I kept trying to cling to the gift, teaching piano lessons and attempting (and sometimes failing) to insert myself into church music programs as we bounced from one church to another. But in my personal life, I spent most of the time listening to secular country or pop music or worse – Contemporary Christian Music (CCM), often blasting it on the way to church, then turning it down just before I pulled into the parking lot of my fundamentalist church. In 2011 and 2012, I had a brief opportunity to be a pianist for the local chapter a multi-denominational Christian Bible study organization for military wives, which meant trying to teach myself how to play contemporary music and understand syncopation.
Most of that came to a halt when Ezra (who was a toddler) began showing a lot of symptoms of sensory distress. I began to go months without touching my piano. I was filled with so much guilt that something that used to be such a big part of my life – and a true love – was reduced to almost nothing. I even purged my music collection in 2014.
But God was faithful in pursuing me, drawing me back to Himself. As I began to have a fuller understanding of the gospel, I moved from anger and skepticism into faith and freedom. Spiritual healing and emotional healing came slowly but steadily. Music was a big part of that. Feeling God’s love for me through music was then augmented by music that was more focused on doctrine (particularly the music of Sovereign Grace Music), tracks that ran parallel to what I was finally understanding about what the gospel meant for me in my daily living.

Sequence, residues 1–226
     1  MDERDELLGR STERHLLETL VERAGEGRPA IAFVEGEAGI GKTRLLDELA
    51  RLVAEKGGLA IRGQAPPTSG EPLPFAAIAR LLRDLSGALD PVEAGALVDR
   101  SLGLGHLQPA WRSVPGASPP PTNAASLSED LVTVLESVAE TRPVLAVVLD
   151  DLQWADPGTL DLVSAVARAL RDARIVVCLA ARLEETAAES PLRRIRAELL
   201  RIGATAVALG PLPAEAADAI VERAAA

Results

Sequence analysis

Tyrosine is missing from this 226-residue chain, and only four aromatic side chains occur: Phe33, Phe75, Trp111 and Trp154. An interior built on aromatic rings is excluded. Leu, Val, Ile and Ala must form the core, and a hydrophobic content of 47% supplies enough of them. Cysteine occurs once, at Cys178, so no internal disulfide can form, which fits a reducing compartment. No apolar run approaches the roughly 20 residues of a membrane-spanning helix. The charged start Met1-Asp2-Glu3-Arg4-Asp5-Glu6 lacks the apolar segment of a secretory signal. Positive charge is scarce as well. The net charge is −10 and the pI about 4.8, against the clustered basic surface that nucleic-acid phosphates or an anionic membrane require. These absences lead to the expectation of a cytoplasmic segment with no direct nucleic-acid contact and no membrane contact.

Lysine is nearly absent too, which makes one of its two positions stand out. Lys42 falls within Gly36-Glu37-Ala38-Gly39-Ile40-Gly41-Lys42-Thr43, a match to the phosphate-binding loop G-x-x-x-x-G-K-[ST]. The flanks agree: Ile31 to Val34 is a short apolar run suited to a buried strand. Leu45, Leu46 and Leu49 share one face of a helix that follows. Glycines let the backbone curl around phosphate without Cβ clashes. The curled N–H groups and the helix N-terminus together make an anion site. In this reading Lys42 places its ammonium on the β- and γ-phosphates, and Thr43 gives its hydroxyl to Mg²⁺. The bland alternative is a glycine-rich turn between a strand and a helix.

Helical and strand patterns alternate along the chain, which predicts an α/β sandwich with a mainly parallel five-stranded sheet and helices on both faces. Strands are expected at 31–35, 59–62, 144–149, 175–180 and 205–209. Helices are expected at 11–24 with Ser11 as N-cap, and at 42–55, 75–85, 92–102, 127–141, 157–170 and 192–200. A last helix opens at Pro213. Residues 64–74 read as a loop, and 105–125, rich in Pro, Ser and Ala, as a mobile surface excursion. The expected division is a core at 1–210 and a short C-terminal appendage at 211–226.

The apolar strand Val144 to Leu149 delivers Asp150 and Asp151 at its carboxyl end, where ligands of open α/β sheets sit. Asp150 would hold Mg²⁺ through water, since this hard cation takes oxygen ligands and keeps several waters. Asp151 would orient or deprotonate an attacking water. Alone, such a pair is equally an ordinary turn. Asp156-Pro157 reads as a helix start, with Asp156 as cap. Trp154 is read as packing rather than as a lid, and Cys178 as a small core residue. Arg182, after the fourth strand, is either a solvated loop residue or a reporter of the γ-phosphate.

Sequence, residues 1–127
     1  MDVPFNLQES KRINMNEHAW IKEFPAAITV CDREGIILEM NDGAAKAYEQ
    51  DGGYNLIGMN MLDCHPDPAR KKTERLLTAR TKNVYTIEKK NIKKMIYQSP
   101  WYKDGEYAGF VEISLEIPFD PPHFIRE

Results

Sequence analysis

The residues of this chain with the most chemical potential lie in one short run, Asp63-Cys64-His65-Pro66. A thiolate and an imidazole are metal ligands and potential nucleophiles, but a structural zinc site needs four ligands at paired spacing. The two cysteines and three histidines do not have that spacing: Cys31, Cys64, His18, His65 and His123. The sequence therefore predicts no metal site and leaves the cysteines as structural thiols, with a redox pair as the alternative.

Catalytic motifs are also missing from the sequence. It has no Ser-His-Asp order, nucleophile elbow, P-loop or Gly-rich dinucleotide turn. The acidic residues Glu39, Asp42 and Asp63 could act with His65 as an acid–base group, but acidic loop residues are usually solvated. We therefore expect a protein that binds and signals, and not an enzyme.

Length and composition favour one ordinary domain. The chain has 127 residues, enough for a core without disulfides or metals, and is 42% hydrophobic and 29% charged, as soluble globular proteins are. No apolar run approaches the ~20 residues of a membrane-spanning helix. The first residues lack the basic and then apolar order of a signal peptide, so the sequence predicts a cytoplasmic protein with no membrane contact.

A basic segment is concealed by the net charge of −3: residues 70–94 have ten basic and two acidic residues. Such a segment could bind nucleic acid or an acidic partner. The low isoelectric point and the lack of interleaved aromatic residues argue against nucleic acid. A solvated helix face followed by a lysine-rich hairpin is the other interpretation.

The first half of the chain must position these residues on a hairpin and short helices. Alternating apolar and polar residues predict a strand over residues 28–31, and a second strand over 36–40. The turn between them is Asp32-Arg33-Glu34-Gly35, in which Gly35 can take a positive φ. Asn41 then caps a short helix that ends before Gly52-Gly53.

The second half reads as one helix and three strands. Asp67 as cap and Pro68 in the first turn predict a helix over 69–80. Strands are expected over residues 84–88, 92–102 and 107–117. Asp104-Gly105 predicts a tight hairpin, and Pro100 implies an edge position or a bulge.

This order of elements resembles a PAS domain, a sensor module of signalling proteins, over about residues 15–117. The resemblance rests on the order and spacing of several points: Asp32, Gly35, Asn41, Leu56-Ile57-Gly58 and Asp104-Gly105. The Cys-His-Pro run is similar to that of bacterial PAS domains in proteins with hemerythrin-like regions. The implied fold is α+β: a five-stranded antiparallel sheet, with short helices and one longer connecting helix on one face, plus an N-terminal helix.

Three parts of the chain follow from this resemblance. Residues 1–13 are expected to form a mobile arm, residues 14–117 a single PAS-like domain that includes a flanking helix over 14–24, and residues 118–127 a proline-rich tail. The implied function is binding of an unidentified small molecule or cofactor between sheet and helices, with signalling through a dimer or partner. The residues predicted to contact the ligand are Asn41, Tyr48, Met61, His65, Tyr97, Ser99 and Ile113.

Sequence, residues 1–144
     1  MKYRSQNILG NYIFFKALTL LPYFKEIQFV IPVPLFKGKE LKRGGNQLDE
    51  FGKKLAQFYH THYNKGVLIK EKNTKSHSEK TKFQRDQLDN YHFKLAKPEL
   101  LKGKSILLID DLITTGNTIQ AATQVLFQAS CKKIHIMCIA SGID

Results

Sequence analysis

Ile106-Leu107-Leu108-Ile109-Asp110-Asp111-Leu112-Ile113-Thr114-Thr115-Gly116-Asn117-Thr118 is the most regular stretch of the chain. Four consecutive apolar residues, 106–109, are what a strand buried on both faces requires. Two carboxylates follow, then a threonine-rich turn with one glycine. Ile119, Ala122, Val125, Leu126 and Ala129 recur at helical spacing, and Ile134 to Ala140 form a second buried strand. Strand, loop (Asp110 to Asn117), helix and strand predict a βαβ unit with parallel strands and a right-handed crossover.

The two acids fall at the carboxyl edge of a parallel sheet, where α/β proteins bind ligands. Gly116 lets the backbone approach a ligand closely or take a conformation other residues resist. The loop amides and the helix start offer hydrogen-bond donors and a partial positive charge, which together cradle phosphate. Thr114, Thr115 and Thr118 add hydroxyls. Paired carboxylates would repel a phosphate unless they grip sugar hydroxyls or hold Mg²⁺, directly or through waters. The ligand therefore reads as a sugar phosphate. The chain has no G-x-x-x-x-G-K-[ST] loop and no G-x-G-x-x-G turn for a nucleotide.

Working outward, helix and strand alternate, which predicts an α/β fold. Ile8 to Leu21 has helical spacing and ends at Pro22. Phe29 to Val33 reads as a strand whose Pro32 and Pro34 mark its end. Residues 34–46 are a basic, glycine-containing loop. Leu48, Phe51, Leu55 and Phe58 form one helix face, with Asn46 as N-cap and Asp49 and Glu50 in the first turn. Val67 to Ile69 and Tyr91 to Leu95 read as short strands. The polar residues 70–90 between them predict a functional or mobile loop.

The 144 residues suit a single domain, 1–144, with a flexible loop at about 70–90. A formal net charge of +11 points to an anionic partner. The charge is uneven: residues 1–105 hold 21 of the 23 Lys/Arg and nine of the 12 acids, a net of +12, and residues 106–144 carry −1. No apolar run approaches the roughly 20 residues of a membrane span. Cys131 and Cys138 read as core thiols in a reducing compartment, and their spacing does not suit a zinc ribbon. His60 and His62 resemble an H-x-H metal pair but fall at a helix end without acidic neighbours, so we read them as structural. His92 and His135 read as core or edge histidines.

In 2017, I was given the opportunity to be a substitute pianist at our church, a role which increased in frequency through 2018 and 2019. In 2020 I was asked to take over the role full-time. As I settled into the role and our music director realized my arranging skills, I began adding arranging projects back into my free time, including an arrangement of O Holy Night at the end of 2020. Most of the projects are more “music surgery” than arranging, such as adding in other songs as medleys or taking lead sheets and converting them into arrangements to reflect the way our group actually sings them. I also do a lot of “transitions” between the songs we sing, sometimes involving key changes as well as extended introductions and outros. Only a fraction of these get written out, but the more complex ones do.
The Songwriters Guild & Our First Song